My name is Imogen Page-Jarrett and I have just finished my year abroad in Beijing, China. The past year would have not been quite the same incredible experience without the assistance of the John Speak Trust, and I would first and foremost like to thank them for their consistent help and support.
My home university, the University of Cambridge, runs a one year exchange programme with Peking University for all third year students. This programme offers courses in modern and classical Chinese, translation, writing, newspaper reading as well as Chinese literature. It was really fantastic to be a part of a truly international student body at the School of Chinese as a Second Language, with students from all over the world coming to Beijing to learn Chinese.
Originally from a small countryside village in the East of England, seeing the sheer scale of Beijing was a big shock to me. We were based in Wudaokou, a student area full of hustle and bustle, neon lights, bars, KTV parlours, shopping centres and of course, traffic jams. I soon discovered Beijing is a city where, if you are willing to face the crowds, you can do, see and eat pretty much anything you should fancy. It’s a city teeming with possibility. I shared a flat with my classmate, a Chinese friend and several different international students over the course of the year.
The freedom extended way beyond the capital. Although China does not yet have many budget airlines, its bus and train services are some of the most extensive in the world and well subsidised by the government. This means travelling around this huge nation is cheap and relatively care free, as long as you plan in advance.
With the help of the scholarship from John Speak, I have been to the fishing villages in Xiamen on the south coast, celebrating Chinese New Year with a local family to the sound of firecrackers exploding outside the door. I have drifted in a bamboo raft down the Yangtze river surrounded by rice paddies and craggy mountains. I have seen a panda with my own eyes in Sichuan, and held a snow fox in my arms at the Ice and Snow Festival in Harbin.
I have wound my way from the old town of Dali to the remote Shangrila on the the Tibetan border. I have swam in the ocean in Qingdao, strolled along the bund in Shanghai, and felt the magic of the sparkling fairy lakes near Jiuzhaigou National Park, not to mention stood in awe of the sheer slopes of Tiger Leaping Gorge and the snowy peaks of the Jade Dragon Snow Mountain in Yunnan. And that’s not to mention the amazing food!
Aside from having fun, I also had the opportunity to intern during my year abroad. For 9 weeks I was made part of Daimler China’s CEO Office. The internship involved statistical analysis, proofreading and drafting of emails. Mainly, however, I was responsible for organising internal events for the finance department. My boss was German, but almost all of my colleagues on the work floor were Chinese. This was a great chance to learn about the Chinese workplace and some of their office practices (which were usually highly bureaucratic!). It was also a huge insight into how Chinese customers’ wants and needs differ to European ones, as well as Asian automobile trends. For example, I learned Daimler’s truck sales are declining. This is interesting because it reflects the fact the construction sector there is slowing down. In turn, this tells us the Chinese economic boom is no longer progressing as rapidly as before.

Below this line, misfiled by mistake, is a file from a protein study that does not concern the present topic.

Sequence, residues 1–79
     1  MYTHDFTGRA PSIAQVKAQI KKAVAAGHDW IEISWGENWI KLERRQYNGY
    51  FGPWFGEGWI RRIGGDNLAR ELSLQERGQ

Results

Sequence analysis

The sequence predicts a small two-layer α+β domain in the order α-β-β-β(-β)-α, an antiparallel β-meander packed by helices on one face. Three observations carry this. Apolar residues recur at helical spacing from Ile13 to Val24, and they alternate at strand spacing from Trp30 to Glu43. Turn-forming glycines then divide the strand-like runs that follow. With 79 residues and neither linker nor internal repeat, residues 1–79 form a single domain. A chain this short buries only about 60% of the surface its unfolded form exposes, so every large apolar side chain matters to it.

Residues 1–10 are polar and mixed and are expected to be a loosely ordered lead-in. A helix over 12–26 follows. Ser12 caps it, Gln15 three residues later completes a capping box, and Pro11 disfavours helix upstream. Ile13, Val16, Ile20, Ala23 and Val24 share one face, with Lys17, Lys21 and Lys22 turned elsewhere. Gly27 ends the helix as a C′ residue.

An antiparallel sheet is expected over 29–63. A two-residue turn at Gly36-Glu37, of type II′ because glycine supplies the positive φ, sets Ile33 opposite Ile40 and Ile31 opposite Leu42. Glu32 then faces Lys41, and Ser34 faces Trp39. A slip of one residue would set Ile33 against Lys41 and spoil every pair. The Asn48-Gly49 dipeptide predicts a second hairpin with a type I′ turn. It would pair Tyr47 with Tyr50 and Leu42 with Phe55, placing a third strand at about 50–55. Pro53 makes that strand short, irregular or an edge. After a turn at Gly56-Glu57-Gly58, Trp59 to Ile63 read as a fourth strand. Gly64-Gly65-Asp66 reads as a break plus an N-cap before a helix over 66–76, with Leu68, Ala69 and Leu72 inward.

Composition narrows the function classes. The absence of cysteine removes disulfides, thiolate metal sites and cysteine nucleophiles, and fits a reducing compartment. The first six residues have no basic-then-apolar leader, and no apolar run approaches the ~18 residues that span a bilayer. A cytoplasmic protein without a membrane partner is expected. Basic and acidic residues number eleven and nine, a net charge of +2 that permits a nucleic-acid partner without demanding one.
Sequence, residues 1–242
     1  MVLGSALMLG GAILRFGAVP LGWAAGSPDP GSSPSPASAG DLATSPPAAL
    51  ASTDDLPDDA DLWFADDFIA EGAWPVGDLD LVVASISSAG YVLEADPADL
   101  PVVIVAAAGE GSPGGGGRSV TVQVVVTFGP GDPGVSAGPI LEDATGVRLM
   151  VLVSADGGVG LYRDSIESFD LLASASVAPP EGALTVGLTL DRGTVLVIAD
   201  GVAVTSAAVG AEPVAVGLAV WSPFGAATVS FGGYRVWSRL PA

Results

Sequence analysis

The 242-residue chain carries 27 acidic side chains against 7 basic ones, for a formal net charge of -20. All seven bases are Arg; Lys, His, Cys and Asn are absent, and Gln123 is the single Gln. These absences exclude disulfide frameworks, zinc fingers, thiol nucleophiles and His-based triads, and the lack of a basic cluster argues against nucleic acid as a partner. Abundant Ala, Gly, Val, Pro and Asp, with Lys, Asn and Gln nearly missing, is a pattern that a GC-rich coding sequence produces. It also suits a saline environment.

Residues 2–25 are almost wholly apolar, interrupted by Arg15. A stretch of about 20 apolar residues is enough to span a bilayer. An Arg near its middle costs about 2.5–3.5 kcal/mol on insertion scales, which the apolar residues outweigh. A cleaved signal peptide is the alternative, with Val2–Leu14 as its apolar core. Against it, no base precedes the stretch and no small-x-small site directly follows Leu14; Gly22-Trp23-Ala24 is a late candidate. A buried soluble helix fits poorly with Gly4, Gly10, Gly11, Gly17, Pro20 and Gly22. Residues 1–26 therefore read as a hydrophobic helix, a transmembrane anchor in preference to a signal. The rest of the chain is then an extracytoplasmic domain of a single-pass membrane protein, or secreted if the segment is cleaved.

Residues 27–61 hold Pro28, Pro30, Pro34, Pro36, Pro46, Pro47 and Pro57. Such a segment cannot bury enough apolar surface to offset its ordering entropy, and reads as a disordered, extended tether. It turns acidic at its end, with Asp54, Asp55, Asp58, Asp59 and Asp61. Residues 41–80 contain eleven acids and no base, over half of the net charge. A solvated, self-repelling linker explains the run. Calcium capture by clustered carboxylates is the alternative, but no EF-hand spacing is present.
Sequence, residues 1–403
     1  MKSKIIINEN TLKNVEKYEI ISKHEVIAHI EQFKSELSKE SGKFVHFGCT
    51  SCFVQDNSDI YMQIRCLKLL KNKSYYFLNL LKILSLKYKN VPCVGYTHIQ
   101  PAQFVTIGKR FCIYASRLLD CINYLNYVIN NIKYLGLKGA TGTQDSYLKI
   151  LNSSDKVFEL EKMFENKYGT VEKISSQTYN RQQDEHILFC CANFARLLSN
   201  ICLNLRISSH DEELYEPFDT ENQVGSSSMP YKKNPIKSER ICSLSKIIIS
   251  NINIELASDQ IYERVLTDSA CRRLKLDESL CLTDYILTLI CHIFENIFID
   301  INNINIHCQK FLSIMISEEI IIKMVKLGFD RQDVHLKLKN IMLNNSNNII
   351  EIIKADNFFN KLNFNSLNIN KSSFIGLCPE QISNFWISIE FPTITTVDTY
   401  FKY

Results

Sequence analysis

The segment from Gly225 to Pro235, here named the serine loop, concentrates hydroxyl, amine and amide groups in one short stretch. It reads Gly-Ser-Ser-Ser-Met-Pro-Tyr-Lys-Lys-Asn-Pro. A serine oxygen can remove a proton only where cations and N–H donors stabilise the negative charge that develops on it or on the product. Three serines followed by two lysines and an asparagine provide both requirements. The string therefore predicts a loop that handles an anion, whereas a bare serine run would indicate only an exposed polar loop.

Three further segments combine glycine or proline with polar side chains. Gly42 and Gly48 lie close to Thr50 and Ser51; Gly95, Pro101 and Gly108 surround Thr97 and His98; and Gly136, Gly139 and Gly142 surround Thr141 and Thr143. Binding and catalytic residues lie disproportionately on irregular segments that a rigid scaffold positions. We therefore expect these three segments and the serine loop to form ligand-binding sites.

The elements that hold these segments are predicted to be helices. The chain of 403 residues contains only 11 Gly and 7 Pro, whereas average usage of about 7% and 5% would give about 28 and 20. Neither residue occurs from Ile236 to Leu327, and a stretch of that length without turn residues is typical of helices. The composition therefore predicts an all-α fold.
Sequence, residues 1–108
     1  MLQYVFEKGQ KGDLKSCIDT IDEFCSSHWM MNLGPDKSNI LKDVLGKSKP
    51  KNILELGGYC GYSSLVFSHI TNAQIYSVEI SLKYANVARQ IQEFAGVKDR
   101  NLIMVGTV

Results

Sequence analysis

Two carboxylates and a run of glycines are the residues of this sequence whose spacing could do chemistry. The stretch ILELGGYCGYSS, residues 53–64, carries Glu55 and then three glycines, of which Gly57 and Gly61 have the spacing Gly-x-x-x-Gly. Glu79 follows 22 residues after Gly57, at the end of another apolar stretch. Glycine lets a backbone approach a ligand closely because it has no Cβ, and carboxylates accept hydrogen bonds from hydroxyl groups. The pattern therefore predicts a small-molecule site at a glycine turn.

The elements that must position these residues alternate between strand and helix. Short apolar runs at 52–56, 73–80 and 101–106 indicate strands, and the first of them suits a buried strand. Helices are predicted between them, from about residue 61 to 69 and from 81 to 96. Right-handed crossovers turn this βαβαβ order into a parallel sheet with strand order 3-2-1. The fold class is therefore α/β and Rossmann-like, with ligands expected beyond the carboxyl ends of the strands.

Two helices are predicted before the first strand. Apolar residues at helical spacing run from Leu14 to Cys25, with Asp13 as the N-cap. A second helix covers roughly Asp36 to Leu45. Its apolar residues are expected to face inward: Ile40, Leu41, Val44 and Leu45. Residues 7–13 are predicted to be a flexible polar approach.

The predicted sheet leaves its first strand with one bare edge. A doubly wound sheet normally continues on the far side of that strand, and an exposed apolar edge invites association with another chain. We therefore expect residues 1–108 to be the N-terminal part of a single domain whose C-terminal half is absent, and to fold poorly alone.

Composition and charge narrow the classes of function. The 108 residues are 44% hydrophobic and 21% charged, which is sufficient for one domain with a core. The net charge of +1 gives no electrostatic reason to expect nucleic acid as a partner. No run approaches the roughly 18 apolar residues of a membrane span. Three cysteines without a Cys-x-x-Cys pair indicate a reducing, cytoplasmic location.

Of course, I experienced some barriers to living in Beijing. I would say my primary concern was the air pollution. Considering London’s pollution never exceeds 60 PM 2.5, it’s hard to believe Beijing often reaches 200, and in winter can climb to even 1000! Being a minority in a foreign country can also be a challenge. Due to the comparatively few numbers of foreigners in China, you will always stand out. It is sad for me to accept that however long I live there, however good my Chinese may become, I will always be considered an outsider. From time to time, the sheer number of people and the scale of the city was very tiring. I hate to think back on how much time I spent on the subway or in traffic jams.
In the future I plan to return to Beijing or Taiwan to complete a masters in Chinese law. I hope to eventually find a job working in China and definitely plan to be in Asia long term.
I would thoroughly recommend the John Speak Trust to anyone planning an experience abroad. The financial assistance and constant advice and support really enhanced my experience. Again, I cannot express my thanks enough.